Cranberry orange crunch muffins

Don't you wish you could go back in time and remember the first time you ate a flavor combination that blew your mind?

No... just me...?

I can't remember the first time I had orange and cranberry together, but I do remember when I was working in a lab at Northwestern over 10 years ago being in love with Dunkin' Donuts cranberry orange muffins. It was my "splurge" breakfast many a times, and I still get sad about the fact that they don't make them anymore. There's just something that makes my mouth happy when you combine tart cranberries with fragrant oranges.

These muffins not only hit the flavor combo spot, they were super light and fluffy with a great crunchy topping.

Though a tad too sweet for me for breakfast (I'm weird like that), I found that they make a great day-time snack when I want just a touch of sugar to satisfy my sweet tooth.

Buen Provecho,

Cranberry-Orange Crunch Muffins, adapted from King Arthur Flour
Yield: 12 muffins

Though I haven't tried it, I think these muffins could benefit from a lot more cranberries. Not sure if it would compromise the structure of the muffins, but next time I make these I'd like to add at least another 1/2 cup of cranberries. I think you could also use more grated orange peel, or use both peel and oil. (Can you tell I like my citrus and cranberry combo?!) 

Also, I was not a fan of the cinnamon in the muffin topping, because I felt it "muddied" the fresh flavors of the orange and cranberry and turned them into more fall-inspired flavors. The boy was a fan though, so I think it's personal preference. Feel free to reduce or cut it out completely.


2 cups (8 7/8 ounces) flour
1/3 cup (2 3/8 ounces) sugar
1 tablespoon baking powder (I like the aluminum free kind)
1/2 teaspoon salt
1 large egg
1/4 cup (1 3/4 ounces) vegetable oil
3/4 cup (6 ounces) milk
1/4 cup (2 ounces) orange juice
1/8 teaspoon orange oil OR 1/2 teaspoon grated orange peel
1 cup coarsely chopped fresh or frozen cranberries, or more to taste

1/4 cup (7/8 ounce) finely chopped walnuts or pecans
1/4 cup (1 3/4 ounces) brown sugar, dark or light, firmly packed
up to 1/2 teaspoon cinnamon, optional

  1. Batter: In a medium-sized mixing bowl, whisk together the flour, sugar, baking powder and salt, then toss the cranberries in the mix and stir to coat. 
  2. In a separate bowl or large measuring cup, whisk together the egg, oil, milk, orange juice, and orange oil or peel. 
  3. Gently and thoroughly mix the wet ingredients into the dry ingredients. 
  4. Using a muffin or cookie scoop, or a 1/4-cup measure, pour the batter into 12 lightly greased muffin cups, filling them about 3/4 full. 
  5. Topping: Combine all of the topping ingredients. Sprinkle a scant 1 tablespoon of topping over the batter in each muffin cup (see picture below)
  6. Bake the muffins in a preheated 400°F oven for 20 minutes, or until they're nicely domed and a cake tester inserted into the center of one comes out clean.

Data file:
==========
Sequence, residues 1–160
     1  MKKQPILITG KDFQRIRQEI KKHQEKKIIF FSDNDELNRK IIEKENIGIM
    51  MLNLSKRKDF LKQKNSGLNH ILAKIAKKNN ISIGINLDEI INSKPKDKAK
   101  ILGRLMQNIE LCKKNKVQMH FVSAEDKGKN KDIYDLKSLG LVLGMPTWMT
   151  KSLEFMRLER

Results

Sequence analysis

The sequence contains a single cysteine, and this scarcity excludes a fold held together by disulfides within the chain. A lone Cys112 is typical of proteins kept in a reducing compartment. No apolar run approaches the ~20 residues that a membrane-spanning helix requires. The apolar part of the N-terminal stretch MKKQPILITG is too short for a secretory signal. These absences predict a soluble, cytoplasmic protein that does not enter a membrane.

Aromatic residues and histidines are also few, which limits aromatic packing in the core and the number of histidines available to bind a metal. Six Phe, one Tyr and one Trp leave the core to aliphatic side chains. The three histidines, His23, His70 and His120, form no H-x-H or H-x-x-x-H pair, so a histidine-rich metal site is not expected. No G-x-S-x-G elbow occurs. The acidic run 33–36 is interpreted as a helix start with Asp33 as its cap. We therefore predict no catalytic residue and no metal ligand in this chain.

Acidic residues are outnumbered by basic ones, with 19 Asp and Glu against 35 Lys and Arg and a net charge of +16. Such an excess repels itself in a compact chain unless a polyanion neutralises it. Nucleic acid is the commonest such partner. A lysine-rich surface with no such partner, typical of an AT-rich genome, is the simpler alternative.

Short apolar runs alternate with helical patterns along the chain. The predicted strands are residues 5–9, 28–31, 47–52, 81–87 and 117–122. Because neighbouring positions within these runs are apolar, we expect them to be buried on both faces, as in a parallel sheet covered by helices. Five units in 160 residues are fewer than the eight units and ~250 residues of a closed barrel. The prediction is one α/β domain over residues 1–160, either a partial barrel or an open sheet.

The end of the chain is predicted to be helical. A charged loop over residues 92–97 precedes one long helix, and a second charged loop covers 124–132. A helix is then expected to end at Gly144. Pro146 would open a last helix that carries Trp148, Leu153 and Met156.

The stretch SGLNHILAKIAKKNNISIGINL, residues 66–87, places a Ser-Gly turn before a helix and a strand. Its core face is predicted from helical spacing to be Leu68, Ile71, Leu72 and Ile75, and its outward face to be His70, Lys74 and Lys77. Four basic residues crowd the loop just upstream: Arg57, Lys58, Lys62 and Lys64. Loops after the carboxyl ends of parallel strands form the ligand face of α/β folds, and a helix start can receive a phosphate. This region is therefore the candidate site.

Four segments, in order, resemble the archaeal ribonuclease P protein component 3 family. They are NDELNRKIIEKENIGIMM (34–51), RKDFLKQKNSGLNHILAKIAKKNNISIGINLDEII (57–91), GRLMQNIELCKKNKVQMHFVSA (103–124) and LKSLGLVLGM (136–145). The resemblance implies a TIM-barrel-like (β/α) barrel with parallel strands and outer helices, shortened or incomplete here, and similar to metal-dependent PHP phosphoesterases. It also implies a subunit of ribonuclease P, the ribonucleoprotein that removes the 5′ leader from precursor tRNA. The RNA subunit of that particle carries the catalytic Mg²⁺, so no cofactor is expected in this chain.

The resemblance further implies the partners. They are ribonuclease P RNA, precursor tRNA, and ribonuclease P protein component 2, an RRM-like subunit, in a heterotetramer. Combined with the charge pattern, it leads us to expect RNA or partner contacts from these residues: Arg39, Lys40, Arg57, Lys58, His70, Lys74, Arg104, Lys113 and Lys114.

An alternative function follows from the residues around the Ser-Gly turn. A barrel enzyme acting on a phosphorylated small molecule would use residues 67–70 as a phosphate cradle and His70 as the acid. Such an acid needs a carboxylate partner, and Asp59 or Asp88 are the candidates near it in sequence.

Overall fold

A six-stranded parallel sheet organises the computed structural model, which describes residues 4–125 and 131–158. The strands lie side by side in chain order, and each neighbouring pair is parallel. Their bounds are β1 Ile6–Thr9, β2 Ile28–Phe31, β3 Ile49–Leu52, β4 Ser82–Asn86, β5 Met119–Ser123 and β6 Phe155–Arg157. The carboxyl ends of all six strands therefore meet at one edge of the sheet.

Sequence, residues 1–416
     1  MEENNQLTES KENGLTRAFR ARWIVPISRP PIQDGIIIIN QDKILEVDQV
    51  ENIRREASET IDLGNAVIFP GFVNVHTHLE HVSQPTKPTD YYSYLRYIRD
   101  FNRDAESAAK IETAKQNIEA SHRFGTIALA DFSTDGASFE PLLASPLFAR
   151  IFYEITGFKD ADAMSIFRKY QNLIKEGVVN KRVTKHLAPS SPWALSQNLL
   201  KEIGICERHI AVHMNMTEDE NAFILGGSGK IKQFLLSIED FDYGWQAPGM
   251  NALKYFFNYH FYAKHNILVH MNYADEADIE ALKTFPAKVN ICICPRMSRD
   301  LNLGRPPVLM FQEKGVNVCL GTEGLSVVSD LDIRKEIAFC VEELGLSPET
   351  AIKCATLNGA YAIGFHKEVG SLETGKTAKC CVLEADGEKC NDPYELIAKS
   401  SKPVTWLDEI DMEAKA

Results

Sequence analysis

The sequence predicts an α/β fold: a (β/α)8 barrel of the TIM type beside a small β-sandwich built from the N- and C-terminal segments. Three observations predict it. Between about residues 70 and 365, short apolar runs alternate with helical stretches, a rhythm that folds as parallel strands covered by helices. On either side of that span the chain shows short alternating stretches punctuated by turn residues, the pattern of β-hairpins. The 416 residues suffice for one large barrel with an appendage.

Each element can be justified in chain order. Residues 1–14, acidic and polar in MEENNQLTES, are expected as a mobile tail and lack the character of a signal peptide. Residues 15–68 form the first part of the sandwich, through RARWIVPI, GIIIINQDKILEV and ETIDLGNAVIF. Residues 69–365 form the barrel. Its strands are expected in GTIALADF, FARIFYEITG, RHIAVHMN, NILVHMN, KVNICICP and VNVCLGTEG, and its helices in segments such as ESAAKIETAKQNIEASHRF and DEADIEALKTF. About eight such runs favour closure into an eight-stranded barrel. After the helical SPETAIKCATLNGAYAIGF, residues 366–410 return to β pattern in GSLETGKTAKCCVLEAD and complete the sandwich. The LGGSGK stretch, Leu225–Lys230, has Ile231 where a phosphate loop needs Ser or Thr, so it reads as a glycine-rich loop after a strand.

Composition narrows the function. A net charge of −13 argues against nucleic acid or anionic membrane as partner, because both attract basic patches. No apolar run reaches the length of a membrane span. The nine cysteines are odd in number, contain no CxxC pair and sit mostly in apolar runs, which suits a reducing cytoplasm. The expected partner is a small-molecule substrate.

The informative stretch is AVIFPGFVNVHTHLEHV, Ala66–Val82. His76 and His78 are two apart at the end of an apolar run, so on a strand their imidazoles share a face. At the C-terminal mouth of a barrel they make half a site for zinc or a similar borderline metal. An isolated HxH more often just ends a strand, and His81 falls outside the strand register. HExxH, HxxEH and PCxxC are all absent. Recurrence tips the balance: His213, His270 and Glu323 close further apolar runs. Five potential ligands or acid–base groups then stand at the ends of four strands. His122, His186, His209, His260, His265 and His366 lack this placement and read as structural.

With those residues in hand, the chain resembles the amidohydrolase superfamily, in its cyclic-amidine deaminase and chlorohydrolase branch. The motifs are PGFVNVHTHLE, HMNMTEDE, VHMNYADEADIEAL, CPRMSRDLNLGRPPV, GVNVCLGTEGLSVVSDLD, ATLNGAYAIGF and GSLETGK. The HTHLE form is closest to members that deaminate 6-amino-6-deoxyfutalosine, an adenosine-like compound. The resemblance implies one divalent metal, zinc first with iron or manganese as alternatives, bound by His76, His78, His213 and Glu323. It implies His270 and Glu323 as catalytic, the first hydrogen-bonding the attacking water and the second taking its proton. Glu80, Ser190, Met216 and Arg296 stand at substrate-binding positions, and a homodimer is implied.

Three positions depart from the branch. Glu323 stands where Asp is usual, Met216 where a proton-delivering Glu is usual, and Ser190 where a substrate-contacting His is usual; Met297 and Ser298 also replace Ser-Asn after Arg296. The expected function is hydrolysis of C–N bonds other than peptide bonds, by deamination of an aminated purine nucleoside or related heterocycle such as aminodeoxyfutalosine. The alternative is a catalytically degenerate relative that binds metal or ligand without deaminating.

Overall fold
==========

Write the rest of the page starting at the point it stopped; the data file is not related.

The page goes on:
7. Remove the muffins from the oven, and run a knife around the edge of each one to separate it from the pan. Carefully tilt each muffin in its cup so steam doesn't collect underneath as they cool. After about 5 minutes, transfer them to a rack to cool completely. 
AFTER (yum yum)

Sunday, April 19, 2015

Chicago-inspired hummus

I've written about hummus (hummos?) before, and how it's usually non Middle Eastern people who take really creative spins on the dish because it's almost too sacrilegious for us to stray far from our traditional recipes.

Well, today this Middle Easterner is going to share with you a really insane twist on the classic, which is inspired by Chicago and Greek flavors. Full disclosure: I didn't come up with this combination. (I told you, we just can't mess with our hummos!) But after trying it at a work party I was absolutely blown away by it. So much so that it's now become my go-to dish to bring to gatherings.

The "recipe" itself is incredibly simple and has only 3 main components: hummus, feta cheese, oil-packed giardiniera (which apparently only exists in Illinois and a handful of Midwestern states).

First spread a layer of hummus on a dish or platter (I used a 9" pie plate here). Then cover with a few spoonfuls of giardiniera (drained), and top with crumbed feta cheese (hand-crumble the fresh kind instead of using prepacked crumbled feta; you'll not only save a few $ but the feta won't be quite as dry)

If you want to throw this dish together in record time just go ahead and use some pre-made hummus (my favorites are Trader Joes Mediterranean hummus and Sabra). But if you have a few extra minutes to spare I'd recommend making the hummus yourself to elevates this appetizer to a whole 'nother level!

I've shared my recipe for hummus using canned chickpeas, which is extra creamy if you take the time to remove the annoying skins on each individual pea. But today I'll share my recipe for hummus using dried chick peas, which is naturally super silky smooth!

Yours in breaking out of her people's comfort zone,